But such would not be the case. Dickens broached the subject at a “Young Men of Boston” dinner on February 1, 1842. He met resistance from both his fellow authors and the popular press. It would be another fifty years until an international copyright law was implemented. Dickens would, however, eventually manage to forge a relationship with American publisher James T Fields, who held absolute volume rights to Dickens’ novels in America. Not that this mattered to some US publishers, but nevertheless, this provision offered Dickens some modest remuneration for his popularity in the States.
Meanwhile, thanks to tireless introductions from Sumner and Dickens’ own international celebrity, Dickens enjoyed quite the full and varied itinerary. Dickens sat in on sessions of Congress and met President Tyler. He also indulged his fascination with the odd, touring prisons, asylums, reform schools, and schools for deaf and blind children. Dickens also wished to witness slavery firsthand He had planned a trip to Charleston, South Carolina, but due to complications found himself in Richmond, Virginia instead. Dickens was rightfully horrified by the institution of slavery. He would write to William Macready, “This is not the republic I came to see; this is not the republic of my imagination.”
Dickens’ impressions would be published in American Notes, which Dickens completed in only four months. The work painted an unflattering picture of America: Dickens attacks slavery and descries Americans’ general lack of social awareness. He blamed the latter on the press. Dickens further explored the shortcomings of the new republic in Martin Chuzzlewit, when young Martin goes to America. Dickens’ scathing representation of the country temporarily crushed his popularity, but he soon recovered.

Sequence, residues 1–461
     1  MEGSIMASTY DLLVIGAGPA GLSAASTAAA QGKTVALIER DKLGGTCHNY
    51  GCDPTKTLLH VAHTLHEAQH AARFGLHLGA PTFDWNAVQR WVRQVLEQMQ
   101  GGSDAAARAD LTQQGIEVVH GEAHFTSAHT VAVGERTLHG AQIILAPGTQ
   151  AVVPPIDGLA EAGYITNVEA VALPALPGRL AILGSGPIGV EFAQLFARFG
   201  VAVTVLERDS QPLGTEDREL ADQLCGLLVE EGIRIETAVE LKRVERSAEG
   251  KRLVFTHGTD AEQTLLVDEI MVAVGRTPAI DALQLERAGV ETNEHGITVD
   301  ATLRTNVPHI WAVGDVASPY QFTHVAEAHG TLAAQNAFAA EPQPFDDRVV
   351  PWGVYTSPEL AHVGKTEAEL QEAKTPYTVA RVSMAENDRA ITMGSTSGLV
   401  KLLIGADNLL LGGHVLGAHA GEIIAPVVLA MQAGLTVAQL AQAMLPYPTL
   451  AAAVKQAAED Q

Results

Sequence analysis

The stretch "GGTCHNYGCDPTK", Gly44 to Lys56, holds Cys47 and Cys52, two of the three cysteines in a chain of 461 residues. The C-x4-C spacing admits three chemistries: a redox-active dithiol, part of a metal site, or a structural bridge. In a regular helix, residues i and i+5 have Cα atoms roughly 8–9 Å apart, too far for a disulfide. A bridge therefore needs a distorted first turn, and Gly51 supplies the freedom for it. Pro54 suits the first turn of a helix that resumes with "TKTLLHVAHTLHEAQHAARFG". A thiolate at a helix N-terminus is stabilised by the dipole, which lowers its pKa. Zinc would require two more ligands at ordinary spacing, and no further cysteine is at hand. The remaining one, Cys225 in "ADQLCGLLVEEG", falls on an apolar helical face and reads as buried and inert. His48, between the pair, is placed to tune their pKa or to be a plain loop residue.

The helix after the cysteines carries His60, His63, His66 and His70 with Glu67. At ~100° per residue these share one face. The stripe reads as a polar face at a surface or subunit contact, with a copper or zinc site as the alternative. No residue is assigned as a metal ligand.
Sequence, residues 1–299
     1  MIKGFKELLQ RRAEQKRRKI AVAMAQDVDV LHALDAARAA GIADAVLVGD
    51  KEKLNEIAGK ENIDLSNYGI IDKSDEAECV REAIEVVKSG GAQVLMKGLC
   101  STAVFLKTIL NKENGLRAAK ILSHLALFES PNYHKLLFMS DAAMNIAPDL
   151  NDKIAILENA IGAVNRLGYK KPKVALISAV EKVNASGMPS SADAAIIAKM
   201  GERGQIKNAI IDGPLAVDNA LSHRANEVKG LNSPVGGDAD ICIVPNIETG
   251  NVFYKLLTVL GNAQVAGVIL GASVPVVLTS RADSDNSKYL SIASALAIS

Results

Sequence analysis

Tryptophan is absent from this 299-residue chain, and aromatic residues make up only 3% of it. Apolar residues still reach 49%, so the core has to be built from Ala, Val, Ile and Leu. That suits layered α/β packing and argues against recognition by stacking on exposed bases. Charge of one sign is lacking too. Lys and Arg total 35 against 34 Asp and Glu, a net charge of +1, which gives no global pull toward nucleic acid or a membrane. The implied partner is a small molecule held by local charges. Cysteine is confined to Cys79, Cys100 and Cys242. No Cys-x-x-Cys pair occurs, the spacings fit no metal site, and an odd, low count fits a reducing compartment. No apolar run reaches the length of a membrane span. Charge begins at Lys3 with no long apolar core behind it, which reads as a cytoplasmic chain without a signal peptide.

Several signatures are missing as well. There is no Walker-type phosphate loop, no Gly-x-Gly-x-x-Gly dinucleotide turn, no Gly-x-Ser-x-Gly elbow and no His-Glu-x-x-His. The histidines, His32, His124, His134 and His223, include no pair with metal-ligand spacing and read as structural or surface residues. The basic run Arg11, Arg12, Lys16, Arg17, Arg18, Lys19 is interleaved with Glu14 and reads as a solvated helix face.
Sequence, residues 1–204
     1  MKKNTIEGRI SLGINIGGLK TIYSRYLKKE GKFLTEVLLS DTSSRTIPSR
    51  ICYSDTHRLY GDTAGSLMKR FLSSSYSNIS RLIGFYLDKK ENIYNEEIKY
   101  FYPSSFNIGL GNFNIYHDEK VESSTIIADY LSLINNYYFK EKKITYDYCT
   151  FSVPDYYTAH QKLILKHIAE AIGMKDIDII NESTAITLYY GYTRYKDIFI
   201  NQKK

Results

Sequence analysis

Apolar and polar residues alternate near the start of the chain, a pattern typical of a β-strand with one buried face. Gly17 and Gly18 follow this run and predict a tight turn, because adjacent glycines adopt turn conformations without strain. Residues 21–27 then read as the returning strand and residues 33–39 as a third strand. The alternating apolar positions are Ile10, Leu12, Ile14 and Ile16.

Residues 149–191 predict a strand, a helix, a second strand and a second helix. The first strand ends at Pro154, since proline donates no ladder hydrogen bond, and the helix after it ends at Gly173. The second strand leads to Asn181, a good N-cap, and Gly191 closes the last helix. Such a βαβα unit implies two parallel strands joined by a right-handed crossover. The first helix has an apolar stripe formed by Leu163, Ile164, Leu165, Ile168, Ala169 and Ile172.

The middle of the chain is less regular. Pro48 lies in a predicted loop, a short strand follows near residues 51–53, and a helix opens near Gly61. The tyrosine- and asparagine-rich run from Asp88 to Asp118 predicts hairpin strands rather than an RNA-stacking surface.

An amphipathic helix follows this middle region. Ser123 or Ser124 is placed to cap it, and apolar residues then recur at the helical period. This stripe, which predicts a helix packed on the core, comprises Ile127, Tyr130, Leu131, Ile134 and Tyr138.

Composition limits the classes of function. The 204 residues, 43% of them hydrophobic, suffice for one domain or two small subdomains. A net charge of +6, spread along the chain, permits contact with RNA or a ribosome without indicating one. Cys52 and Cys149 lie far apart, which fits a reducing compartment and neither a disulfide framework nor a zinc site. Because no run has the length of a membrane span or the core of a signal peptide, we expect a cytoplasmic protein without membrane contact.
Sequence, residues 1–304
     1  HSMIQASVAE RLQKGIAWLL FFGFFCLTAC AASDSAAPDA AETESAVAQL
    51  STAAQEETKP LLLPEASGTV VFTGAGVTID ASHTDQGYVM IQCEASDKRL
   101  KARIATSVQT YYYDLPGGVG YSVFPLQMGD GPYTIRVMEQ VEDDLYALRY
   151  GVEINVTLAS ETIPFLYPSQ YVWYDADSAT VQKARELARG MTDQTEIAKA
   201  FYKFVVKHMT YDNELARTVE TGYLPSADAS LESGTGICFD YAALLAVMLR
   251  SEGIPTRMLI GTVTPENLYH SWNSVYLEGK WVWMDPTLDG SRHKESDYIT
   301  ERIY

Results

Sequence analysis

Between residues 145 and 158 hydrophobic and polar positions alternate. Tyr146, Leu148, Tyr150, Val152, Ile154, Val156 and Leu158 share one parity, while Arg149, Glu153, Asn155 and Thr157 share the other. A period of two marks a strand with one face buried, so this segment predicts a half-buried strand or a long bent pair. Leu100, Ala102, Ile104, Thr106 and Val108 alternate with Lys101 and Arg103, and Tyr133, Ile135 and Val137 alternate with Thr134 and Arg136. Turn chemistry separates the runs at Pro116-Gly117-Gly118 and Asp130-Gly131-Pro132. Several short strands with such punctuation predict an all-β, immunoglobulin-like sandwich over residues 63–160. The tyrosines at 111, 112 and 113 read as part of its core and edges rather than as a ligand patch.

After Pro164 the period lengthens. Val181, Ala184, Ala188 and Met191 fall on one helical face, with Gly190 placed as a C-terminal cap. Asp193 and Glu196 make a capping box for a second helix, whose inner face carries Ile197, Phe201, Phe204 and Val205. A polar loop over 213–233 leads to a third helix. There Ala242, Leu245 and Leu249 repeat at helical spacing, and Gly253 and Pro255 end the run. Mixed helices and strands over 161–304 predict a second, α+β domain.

An Amended View of America
A banquet with “upwards of one hundred celebrities” was held in Dickens’ honor before he departed London in 1867. This pamphlet records speeches made by Dickens, Lytton, Russell, Trollope, and others.
In 1867, Dickens finally succumbed to the temptation of another lucrative book tour (and who can blame him, what with so many mouths to feed at home?). By this time, the Civil War had resulted in the abolition of slavery, and Dickens found America much changed. On April 18, 1868 at a dinner in his honor, Dickens alluded to his previous negative impressions of the country and admitted that both he and the United States had evolved. He promised to make appendices to both Martin Chuzzlewitt and American Notes to mitigate his prior views.
That dinner was one of seemingly countless appearances and events that Dickens attended during his second trip to America. He’d considered bringing his mistress, Ellen Ternan, with him for the tour. But tour manager George Dolby, who’d arrived in Boston early, learned that bringing Ternan would be a serious faux pas. Dickens would travel, then, only with his staff. By this time his health was failing; he’d spent many previous weeks unable to walk without assistance. But he’d been guaranteed £10,000 from a consortium of Boston dignitaries, with his publisher Fields leading the initiative.